The Magnificent Monarch Art Trail in South Walton Florida

November 26, 2022 by Kurt Lischka

The Monarch Art Trail (MAT) is an outdoor sculpture project created by the Cultural Arts Alliance of Walton County (CAA) with support from The St. Joe Community Foundation (StJCF). The art trail honors the magnificent Monarch Butterfly and it's amazing flight ability of up to 2,700 miles and its generational migratory pattern route through SoWal.

The eastern North American monarch population is notable for its annual southward late-summer/autumn migration from the northern and central United States and southern Canada to Florida and Mexico.During the fall migration, monarchs cover thousands of miles, with a corresponding multigenerational return north. The offspring mysteriously know the migration pattern of their ancestors.

The art trail includes eight sculptures designed for installation along South Watersound Parkway’s (open Google map) paved mile-long path that connects Highway 98 and Scenic 30A. The sculptures are complemented with seating, lighting, signage, and our native landscape. Additionally, the Otocast phone app provides insight into the artists’ creative process through audio, text, and geo-locators. Use of the area was made possible by The St. Joe Company and it's adjacent Watersound Camp Creek community with Watersound Club amenitities, including the Camp Creek Golf Course.

SoWal Insider Tip: Make time to also include a visit to the fun and fabulous outdoor art at Rosemary Beach and along the Alys Beach Art Trail. Of special interest to kids and adults is Turtle Bale Green in Alys Beach with sea turtle sculptures and fountain.


A good place to park is just north of the art trail, across Hwy 98 at Watersound Town Center which has events, dining and shopping. On the south end of the trail is the Seacrest community, Alys Beach, and the new Kaiya Beach Resort - all along the east end SoWal Beaches. Almost all of the adjacent area is our beautiful natural coastal forest and wetlands habitat. You'll see lots of local plants, trees, birds and butterflies. Much of the landscaping around the sculptures was thoughtfully planted with attracting butterflies in mind. The sculptures are numbered 1-8 from south to north but starting from either direction is just fine. We'll start with sculpture number one - click on the title link to read more about the artist.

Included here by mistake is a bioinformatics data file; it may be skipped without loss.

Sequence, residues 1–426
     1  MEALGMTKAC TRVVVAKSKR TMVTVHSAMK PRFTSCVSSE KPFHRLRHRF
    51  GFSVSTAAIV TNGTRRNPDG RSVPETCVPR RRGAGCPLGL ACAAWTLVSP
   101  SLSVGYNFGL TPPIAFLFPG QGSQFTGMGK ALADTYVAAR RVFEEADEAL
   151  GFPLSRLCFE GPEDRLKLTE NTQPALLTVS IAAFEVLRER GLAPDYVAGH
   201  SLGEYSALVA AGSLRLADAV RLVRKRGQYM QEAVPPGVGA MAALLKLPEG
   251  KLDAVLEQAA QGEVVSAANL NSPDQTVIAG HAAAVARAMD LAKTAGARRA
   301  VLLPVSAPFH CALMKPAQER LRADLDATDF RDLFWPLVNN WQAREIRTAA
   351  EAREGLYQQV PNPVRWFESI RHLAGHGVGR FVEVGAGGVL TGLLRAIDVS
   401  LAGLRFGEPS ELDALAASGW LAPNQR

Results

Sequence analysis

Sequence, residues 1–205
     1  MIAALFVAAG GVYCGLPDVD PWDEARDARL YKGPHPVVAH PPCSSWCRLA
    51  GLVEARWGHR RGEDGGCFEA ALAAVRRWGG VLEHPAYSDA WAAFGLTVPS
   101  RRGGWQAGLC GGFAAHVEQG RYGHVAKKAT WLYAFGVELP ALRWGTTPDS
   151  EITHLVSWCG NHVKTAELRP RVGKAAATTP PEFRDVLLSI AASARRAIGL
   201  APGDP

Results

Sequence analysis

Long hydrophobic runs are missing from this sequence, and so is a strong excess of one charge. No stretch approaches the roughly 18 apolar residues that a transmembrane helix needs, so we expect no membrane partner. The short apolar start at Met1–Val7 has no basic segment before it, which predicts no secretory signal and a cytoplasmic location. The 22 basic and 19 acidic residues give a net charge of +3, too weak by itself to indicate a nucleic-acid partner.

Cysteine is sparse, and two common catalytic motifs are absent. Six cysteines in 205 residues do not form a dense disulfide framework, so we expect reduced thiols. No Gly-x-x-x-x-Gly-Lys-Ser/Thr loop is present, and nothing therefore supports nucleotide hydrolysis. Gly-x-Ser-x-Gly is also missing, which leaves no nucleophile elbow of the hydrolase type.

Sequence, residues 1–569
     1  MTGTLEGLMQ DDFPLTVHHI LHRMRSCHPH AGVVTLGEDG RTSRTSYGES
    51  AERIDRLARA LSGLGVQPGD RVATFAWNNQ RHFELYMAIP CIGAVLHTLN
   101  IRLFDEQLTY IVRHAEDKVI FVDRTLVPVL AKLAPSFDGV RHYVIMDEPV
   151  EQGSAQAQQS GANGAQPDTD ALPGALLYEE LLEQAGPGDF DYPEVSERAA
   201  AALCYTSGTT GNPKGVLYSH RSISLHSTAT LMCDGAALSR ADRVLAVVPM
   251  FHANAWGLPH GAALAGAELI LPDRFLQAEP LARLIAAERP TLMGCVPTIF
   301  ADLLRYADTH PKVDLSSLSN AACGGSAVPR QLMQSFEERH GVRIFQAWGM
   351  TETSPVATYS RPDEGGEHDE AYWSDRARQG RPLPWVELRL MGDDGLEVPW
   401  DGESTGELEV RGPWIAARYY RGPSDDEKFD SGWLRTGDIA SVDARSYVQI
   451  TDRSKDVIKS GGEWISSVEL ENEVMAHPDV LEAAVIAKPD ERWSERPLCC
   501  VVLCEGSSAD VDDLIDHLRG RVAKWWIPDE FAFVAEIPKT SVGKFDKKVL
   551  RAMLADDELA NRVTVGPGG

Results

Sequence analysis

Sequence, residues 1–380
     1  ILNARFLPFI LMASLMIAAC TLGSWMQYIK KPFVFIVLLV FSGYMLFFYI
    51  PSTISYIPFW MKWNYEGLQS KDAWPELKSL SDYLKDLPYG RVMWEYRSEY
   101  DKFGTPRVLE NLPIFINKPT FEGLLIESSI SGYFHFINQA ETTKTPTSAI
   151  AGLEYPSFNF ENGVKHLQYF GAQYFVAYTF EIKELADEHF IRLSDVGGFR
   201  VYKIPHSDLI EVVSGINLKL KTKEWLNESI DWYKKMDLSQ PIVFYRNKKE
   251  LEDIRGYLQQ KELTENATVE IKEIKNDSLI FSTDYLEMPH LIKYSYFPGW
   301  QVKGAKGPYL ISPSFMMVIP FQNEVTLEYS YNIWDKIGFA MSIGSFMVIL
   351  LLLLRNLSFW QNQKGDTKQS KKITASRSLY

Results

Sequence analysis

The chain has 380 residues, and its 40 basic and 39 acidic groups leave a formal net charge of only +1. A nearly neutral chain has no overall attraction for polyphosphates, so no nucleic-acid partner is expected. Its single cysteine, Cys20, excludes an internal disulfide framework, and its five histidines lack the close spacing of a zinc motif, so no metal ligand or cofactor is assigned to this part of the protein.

1. Dancing Monarchs by Peter Hazel - a 12-foot tall sculpture of monarch butterflies resting on vine-like plants growing out of the ground. The vines are made out of steel and the butterflies are thick glass and mosaic tile. The butterflies face all directions and are equally beautiful from all directions.


2. Friend of Mine by Andrew Hamilton Reiss - a contemporary composition of a stylized Monarch Butterfly feeding on a milkweed flower. The elegant composition is defined through a distinct line gesture made of formed steel rod. The sophisticated sculpture provides many interesting vantages of the surrounding landscape. The gesture and composition invite the viewer to interact with the art and experience it in-the-round.